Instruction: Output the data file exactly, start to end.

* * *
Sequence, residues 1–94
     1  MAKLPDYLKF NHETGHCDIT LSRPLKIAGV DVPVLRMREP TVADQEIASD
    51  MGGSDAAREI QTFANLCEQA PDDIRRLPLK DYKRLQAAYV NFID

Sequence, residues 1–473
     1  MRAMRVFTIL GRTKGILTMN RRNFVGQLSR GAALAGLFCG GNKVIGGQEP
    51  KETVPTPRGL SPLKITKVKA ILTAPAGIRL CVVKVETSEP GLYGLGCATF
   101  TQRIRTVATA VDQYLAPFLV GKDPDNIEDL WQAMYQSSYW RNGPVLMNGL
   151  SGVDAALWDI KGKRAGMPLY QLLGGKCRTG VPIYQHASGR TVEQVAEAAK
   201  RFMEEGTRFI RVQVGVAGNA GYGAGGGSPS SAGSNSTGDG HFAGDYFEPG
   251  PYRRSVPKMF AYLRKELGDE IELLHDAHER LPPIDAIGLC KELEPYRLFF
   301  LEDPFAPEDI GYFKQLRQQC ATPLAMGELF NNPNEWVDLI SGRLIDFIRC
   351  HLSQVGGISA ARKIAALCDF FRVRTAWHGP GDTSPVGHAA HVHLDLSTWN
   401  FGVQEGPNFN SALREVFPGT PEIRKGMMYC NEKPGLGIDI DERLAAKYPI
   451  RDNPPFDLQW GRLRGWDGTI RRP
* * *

Sequence, residues 1–94
     1  MAKLPDYLKF NHETGHCDIT LSRPLKIAGV DVPVLRMREP TVADQEIASD
    51  MGGSDAAREI QTFANLCEQA PDDIRRLPLK DYKRLQAAYV NFID

Sequence, residues 1–473
     1  MRAMRVFTIL GRTKGILTMN RRNFVGQLSR GAALAGLFCG GNKVIGGQEP
    51  KETVPTPRGL SPLKITKVKA ILTAPAGIRL CVVKVETSEP GLYGLGCATF
   101  TQRIRTVATA VDQYLAPFLV GKDPDNIEDL WQAMYQSSYW RNGPVLMNGL
   151  SGVDAALWDI KGKRAGMPLY QLLGGKCRTG VPIYQHASGR TVEQVAEAAK
   201  RFMEEGTRFI RVQVGVAGNA GYGAGGGSPS SAGSNSTGDG HFAGDYFEPG
   251  PYRRSVPKMF AYLRKELGDE IELLHDAHER LPPIDAIGLC KELEPYRLFF
   301  LEDPFAPEDI GYFKQLRQQC ATPLAMGELF NNPNEWVDLI SGRLIDFIRC
   351  HLSQVGGISA ARKIAALCDF FRVRTAWHGP GDTSPVGHAA HVHLDLSTWN
   401  FGVQEGPNFN SALREVFPGT PEIRKGMMYC NEKPGLGIDI DERLAAKYPI
   451  RDNPPFDLQW GRLRGWDGTI RRP